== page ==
Tuesday, July 29, 2014

Getting the prices right

The Brookings Institute blog has an interesting piece today arguing that India doesn't have dependable access to electricity because the price has been too low for too long. No one benefits if energy suppliers are not allowed to make their costs back: you end up with people who either just don't have power or who rely on dirty diesel generators when the need it. Neither is a good solution!

Thursday, July 24, 2014

The end of coal

Nice article in the Washington Post about the "death of coal." It seems like (and is!) a good thing to phase out coal, for many reasons. Coal is dirty, both locally (as mining is nasty, and as burning it emits particulate matter and damaging chemicals) and globally (as a major contributor to climate change). However, the story is not so simple, for many reasons. (I'm not following the article's numbering here, just FYI.)

1) Coal is cheap. Moving away from coal means that some people will be paying more for their energy. Some of these people are paying significantly more for power, and some of them are poor, so this is a real hardship.

2) Some communities depend on coal. Rural West Virginia is one example, but other places depend on the current system. It's expensive and painful when a community dies and people have to go elsewhere.

3) There might be better jobs for these people elsewhere, but it's not clear that's the case just yet. It's also hard sometimes to figure out where and what these new jobs can and should be.

It's not easy to change an economy over to a new power source, even though in the long run it's probably for the best. Hopefully the government can step in and ease the transition where appropriate.

Wednesday, July 16, 2014

Blog post about a blog post

One of my former professors has a great little post on his blog today and I want to be sure to link to it here too. It's about GMO's. (Skip the somewhat bizarre introduction!)

Tuesday, July 15, 2014

Water & sanitation in India

Pretty different from concerns about the popularity of instant coffee, but the NYT has a really nice piece today about how sanitation problems stunt the growth of children in India. Even children who get enough to eat are exposed to pathogens regularly since sanitation is so bad: many people defecate outdoors, and the rivers where people bathe and even brush their teeth are full of contaminants.

The article links to a few peer-reviewed journal articles, including this one in PLOS One. Reviewing Indian data from 1992, 1998, and 2005, they find that undernutrition has declined (i.e. nutritional status is improving) but that social disparities persist. In particular, improvements in better-off households were faster and stronger than in poorer households.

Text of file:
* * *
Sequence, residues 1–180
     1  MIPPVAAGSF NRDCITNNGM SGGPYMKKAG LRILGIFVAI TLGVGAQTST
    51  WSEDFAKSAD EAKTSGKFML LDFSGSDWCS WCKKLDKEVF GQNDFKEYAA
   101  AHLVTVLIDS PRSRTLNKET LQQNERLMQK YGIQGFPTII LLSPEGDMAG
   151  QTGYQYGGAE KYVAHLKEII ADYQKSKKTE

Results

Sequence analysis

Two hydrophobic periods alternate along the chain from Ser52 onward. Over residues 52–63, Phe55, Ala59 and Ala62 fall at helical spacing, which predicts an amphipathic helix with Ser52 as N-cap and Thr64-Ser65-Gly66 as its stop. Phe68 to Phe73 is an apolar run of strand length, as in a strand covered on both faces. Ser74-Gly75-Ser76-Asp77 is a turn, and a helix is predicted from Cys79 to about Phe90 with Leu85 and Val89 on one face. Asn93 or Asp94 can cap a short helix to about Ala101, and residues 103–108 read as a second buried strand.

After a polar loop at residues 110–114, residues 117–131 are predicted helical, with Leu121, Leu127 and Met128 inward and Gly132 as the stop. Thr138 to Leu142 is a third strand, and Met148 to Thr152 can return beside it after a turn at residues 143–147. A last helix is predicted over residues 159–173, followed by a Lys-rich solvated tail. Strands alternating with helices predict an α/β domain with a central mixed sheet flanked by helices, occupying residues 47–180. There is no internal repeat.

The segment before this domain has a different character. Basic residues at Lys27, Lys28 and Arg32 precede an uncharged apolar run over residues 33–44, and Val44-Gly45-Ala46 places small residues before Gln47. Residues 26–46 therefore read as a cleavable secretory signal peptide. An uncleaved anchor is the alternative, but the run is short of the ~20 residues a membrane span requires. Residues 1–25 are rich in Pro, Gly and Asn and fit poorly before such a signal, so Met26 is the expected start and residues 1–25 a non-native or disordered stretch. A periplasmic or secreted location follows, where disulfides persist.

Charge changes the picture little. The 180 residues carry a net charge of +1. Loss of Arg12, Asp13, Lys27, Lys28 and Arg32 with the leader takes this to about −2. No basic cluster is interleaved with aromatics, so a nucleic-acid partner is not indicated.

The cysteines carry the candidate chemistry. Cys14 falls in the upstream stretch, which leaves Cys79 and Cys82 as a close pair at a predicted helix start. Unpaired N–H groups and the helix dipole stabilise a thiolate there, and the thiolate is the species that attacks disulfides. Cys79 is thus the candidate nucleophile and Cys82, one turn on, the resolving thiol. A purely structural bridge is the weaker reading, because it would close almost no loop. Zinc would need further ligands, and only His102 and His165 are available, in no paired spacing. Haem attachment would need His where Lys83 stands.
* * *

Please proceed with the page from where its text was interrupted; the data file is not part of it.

Another article in top-ranked health journal the Lancet notes that GDP growth on its own is not sufficient to improve child nutritional status.

That's an interesting review of the data, and another piece noticed something more particular: Muslims do better than Hindus in India as far as infant survival even though they are poorer. The authors hypothesize that this might have to do with rules about sanitation: where to defecate and how to keep oneself and one's household clean.

Finally, a paper that's not yet published (as far as I know) but still available as a working paper by Dean Spears is available from the World Bank. This seems to me hugely important: sanitation explains child health even better than GDP. Wow.

Somehow, though, they missed another pretty relevant of research. Last summer two  great researchers documented that Indian children are shorter for their ages than African children, meaning that their nutritional status is worse. They don't point the finger at sanitation, though, but note that their is an extraordinarily large gradient in birth order. First born children are substantially better off than subsequent children.

I wonder if there is any overlap. Are firstborns exclusively breast-fed for a longer time, protecting them somewhat from ingesting dangerous bacteria? Do firstborns stay indoors more so they aren't outside running around and playing in unsanitary conditions?

Chicken & Coffee with sugar

Reporter Roberto Ferdman has caught my eye with sevearl interesting food-related pieces in the Washington Post this week. Yesterday was this interesting post on chicken, arguing that chicken consumption is set to rise worldwide and even take over the mantle of "most popular meat" from pork. That matters for a lot of reasons: just ask the farmers on the Eastern Shore who raise broilers! Meat consumption is pretty bad for the environment, but as meat goes, chicken is among the least offensive. Consider this graph from the article showing the carbon impact of various meats:

I wouldn't have guessed that salmon was worse than chicken, but those are the numbers (originally from the Environmental Working Group).